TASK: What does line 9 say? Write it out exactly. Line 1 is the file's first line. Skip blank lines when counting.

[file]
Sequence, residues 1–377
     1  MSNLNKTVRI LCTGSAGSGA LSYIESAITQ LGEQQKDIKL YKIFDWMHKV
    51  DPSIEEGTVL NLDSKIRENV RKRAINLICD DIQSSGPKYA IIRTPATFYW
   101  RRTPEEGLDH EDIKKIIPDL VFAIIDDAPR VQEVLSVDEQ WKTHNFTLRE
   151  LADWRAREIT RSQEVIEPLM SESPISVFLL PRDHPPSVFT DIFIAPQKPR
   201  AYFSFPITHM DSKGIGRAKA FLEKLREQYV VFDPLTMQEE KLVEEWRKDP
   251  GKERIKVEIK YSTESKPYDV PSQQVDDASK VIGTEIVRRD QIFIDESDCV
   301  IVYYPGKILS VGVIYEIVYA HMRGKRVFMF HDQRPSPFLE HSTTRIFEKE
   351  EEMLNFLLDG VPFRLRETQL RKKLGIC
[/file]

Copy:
   351  EEMLNFLLDG VPFRLRETQL RKKLGIC